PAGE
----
Live Better With Butter
May 14, 2014

Woman Cooking

Butter has been wrongfully implicated as a dangerous food capable of causing heart disease. As a result of decades of misguided public policy, millions of people have avoided this healthy food. The result? As butter consumption dropped, heart disease has risen. But in a recent major paradigm shift in the medical world, doctors are reluctantly beginning to acknowledge that they had misattributed saturated fats as a cause of heart disease, and underestimated the role of sugar.

Meanwhile in Sweden…


As Swedes consume more butter (yellow line), cardiovascular disease drops. Source:

The Swedish medical community has been about a decade ahead of the US  in its rejection of the saturated-fat paradigm. Abandoning low-fat diets, Swedes have been eating more and more butter each year. As they consume more butter (but less sugar), their incidences of heart disease falls.

How could doctors have gone so wrong?

Our medical community generally does the best it can with the tools and evidence it has on hand, and our understanding of things like cholesterol evolve with the research findings. Saturated fat originally had a bad reputation because it increases low-density lipoprotein cholesterol, or LDL, which has been shown to raise the risk of heart attacks. But we’re learning that the relationship between saturated fat and cholesterol is complicated. LDL increases, but so does high-density lipoprotein (HDL), the “good” cholesterol. And the LDL it raises is actually a harmless form called LDL pattern A. LDL pattern A is big and fluffy and doesn’t cause blockages that lead to heart attacks.

The more dangerous LDL, called LDL pattern B, is actually caused by sugary foods and excess carbohydrates in the diet.

Consider some of the recent research on the topic:

“Insufficient evidence of association is present for intake of … saturated or polyunsaturated fatty acids; total fat … meat, eggs and milk.”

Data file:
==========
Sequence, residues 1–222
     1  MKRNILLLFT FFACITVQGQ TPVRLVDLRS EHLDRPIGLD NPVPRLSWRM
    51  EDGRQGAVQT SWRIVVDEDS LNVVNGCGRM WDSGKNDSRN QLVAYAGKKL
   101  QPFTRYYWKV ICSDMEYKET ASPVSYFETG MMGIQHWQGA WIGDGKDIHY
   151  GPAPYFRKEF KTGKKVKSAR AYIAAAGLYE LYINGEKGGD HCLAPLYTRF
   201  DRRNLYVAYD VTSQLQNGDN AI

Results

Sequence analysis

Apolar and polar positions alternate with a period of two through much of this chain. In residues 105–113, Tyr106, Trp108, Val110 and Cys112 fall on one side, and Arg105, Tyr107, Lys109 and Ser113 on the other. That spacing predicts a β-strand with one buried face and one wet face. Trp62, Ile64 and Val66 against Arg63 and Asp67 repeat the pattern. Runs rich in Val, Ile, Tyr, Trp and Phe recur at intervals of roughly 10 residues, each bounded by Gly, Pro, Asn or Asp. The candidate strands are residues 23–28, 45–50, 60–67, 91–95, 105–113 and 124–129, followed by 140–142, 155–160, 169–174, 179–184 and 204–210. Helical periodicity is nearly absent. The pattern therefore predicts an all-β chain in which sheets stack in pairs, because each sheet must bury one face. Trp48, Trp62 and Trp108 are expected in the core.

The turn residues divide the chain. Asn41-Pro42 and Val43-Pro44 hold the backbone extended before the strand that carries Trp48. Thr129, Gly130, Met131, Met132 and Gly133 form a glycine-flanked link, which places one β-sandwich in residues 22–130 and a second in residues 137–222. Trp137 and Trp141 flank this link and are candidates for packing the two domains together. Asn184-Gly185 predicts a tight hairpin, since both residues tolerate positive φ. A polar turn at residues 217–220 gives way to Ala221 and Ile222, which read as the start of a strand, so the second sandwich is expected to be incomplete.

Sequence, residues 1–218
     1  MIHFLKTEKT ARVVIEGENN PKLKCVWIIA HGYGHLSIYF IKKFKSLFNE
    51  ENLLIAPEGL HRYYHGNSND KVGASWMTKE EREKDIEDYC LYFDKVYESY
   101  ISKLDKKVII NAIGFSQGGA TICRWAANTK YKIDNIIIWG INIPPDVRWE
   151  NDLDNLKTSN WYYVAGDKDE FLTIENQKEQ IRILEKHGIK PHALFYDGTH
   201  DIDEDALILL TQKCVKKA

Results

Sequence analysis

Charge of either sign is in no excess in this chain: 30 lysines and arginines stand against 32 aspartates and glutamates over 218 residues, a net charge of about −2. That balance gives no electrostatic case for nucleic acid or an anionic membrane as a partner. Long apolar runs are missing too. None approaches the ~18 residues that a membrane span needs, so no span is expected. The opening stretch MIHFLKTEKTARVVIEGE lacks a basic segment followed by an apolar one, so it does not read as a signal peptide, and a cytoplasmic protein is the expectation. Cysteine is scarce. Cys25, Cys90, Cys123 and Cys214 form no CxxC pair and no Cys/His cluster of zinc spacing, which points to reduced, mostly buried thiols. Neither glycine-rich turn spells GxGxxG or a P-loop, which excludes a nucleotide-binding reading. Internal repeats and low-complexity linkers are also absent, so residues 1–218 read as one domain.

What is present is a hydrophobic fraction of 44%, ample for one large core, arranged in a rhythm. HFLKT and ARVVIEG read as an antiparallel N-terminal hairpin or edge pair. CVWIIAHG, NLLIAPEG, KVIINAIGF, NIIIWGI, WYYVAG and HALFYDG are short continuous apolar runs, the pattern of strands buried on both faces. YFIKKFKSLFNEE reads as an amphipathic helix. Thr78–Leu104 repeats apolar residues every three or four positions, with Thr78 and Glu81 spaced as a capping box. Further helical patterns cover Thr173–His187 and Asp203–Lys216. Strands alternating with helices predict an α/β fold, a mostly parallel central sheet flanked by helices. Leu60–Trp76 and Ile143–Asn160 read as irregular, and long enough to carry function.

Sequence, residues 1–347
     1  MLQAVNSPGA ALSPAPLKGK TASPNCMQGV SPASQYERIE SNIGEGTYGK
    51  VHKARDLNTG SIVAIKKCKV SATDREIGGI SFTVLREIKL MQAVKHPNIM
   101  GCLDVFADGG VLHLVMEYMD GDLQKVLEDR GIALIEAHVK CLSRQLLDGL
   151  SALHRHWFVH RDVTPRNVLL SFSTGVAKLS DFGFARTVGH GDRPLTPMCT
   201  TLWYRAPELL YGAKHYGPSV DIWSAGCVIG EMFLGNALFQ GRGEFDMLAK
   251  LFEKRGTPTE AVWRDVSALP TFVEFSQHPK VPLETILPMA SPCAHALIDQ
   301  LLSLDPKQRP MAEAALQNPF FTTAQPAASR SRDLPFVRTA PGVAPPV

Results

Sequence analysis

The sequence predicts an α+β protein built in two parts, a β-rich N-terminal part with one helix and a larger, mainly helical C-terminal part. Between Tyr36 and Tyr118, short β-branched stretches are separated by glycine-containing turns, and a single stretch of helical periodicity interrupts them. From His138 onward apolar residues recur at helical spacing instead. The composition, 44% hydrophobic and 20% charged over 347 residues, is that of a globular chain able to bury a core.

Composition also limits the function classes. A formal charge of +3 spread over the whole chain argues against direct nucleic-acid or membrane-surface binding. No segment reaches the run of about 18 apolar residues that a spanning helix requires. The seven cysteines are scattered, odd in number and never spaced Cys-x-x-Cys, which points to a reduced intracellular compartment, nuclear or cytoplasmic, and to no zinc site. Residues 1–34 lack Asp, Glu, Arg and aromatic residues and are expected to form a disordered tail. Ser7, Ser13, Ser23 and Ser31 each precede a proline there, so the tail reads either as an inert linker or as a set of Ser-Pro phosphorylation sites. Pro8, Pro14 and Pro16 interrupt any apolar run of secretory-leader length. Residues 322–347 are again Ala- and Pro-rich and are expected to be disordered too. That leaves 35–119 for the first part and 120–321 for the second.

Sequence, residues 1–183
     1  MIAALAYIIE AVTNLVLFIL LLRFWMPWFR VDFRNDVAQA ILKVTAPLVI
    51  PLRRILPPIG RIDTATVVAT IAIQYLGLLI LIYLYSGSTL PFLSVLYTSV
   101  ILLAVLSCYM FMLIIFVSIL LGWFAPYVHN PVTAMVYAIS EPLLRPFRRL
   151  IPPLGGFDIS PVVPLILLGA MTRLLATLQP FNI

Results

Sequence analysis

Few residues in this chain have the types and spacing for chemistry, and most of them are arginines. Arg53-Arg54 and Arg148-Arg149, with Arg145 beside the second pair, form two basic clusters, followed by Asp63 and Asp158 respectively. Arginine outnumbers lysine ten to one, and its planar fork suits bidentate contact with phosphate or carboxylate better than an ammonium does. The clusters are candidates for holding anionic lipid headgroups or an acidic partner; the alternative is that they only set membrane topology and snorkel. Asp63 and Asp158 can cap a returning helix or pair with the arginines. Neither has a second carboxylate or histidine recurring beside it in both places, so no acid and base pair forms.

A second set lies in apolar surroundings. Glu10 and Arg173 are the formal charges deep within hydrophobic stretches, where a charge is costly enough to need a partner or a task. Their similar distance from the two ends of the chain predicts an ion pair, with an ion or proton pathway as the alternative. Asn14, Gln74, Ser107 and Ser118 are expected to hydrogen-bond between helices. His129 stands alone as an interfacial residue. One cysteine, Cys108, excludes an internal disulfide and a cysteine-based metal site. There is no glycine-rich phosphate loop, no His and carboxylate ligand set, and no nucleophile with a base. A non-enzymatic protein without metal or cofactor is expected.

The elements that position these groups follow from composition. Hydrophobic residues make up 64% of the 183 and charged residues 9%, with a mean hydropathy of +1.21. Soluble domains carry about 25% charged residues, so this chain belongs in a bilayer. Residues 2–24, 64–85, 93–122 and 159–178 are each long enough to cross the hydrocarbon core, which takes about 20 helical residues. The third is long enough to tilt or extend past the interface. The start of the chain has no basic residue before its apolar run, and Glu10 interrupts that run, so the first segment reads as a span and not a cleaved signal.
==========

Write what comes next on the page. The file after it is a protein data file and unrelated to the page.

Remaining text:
“The observational evidence does not support the hypothesis that dairy fat or high-fat dairy foods contribute to obesity or cardiometabolic risk…”

“…no significant evidence for concluding that dietary saturated fat is associated with an increased risk of CHD or CVD.”

The benefits of butter

Butter can be a rich and natural source of many nutrients. Among them:

  • Vitamin A – needed for the health of the thyroid and adrenal glands, both of which play a role in maintaining the proper functioning of the heart and cardiovascular system.
  • Vitamin E  and selenium – both containing vital anti-oxidants.
  • Lecithin – assists in the proper assimilation and metabolism of cholesterol and other fat constituents
  • Fatty acids – short and medium chain fatty acids in butter are not stored in the adipose tissue, but are used for quick energy.
  • Glycospingolipids – a special category of fatty acids that protect against gastro-intestinal infection, especially in the very young and the elderly.

The debate rages on

Not everyone in the medical community agrees. Dr. Alice H Lichtenstein at Tufts University says “The majority of the evidence suggests that replacing saturated fat with polyunsaturated fat reduces heart disease risk, whereas replacing saturated fat with carbohydrate does not.” Her concerns are echoed by many other doctors who point to the efficacy of statins, the most popular type of prescribed medicine in the world, which have been proven to reduce heart attacks by controlling cholesterol.

A word of caution

While we at Power 20 feel that butter on its own is not a threat to our health, butter’s health benefits are dramatically undermined when it is coupled with sugar and wheat products. Donuts, ice cream, and most pastries are a powerful combination of butter and sugar that will help you put on fat fast. A smarter use of butter is as a cooking medium (at low heat) and as flavoring for food.